Tonight we went to see Bill Mallonee play-by far one of my favorite song writers. Paste magazine listed him as #51 or something on their list of 100 greatest living songwriters. I’d put him at about three or four.
The first time I saw him, about seven or eight years ago, he was with a band called the Vigilantes of Love. But for the last few years he’s toured with his wife Mariah, putting together shoe-string-budget tours that snake all across the country.
For me, Bill is tough to describe. In fact, I think he’s just one of those people you must see in order to understand. He’s got the dry southern wit of Mark Twain, the restless spirit of Woody Guthrie, the terse, loaded storytelling of Hemingway and the leathered, hollow-cheeked look of Tom Joad. He’s an Americana hero who’s frustratingly unknown.
He’s pretty well-known among folk circles, but most in the music industry view him as a has-been who never quite was. This is a man who didn’t learn to play guitar until he was thirty, but has released around 25 albums over the last twenty years. And now he tours a couple times a year playing house shows while barely scraping by. It’s tough to see, but in a strange way it also seems to make sense.
It’s kind of romantic, really. It’s the starving, tortured artist that he sings about in his song “Skin”, which is from the perspective of Theodore Van Gogh describing his struggling brother Vincent who eventually took his own life-having never sold a painting. I don’t exactly know about Bill, but this is the sort of thing that seems to drive artists to produce great work, whilst also drive them to the point of desperation in the process.
I once taught a survey of American Literature course. I gave a quick bio for every writer we covered and my students were quick to note that many, if not most, struggled with depression and addiction; this is something I also took notice of while studying literature in college, and it’s pretty remarkable to see that most of the writers that have produced great works struggle in this way. I told my students that I believe one must be very sensitive in order to create something great, because great art is something that speaks to the very heart of the human condition. And guess what? That human condition really sucks sometimes. For some, it sucks a lot of the time.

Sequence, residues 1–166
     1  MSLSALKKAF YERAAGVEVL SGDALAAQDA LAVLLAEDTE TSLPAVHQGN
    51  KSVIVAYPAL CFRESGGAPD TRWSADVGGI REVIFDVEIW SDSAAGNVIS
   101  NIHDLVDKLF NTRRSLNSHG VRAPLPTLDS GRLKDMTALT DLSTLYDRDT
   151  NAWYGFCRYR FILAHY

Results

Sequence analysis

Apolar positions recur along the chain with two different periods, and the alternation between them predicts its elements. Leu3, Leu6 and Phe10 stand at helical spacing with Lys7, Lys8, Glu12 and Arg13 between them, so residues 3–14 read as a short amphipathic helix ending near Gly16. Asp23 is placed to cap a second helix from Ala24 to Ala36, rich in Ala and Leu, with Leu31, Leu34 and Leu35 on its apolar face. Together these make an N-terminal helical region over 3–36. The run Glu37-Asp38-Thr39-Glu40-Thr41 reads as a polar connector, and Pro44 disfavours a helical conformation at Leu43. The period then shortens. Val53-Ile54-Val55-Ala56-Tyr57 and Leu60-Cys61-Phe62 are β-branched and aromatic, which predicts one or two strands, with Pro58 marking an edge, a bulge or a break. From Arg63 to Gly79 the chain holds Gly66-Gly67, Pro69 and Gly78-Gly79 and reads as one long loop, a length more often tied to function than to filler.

If we’re sensitive to the truth of this world, it means we see a lot of pain. And that kind of exposure can take its toll. It leaves those artists worn out and tired and tender. But it hopefully leaves them astute enough to describe the lay of the land (the “sad terrain” as Bill says) to all of us brave enough to take heed and traverse this dangerous world.
And this is life. And I’ll live it til the last glug of the jug says “I’m empty”.
The Calico Rebellion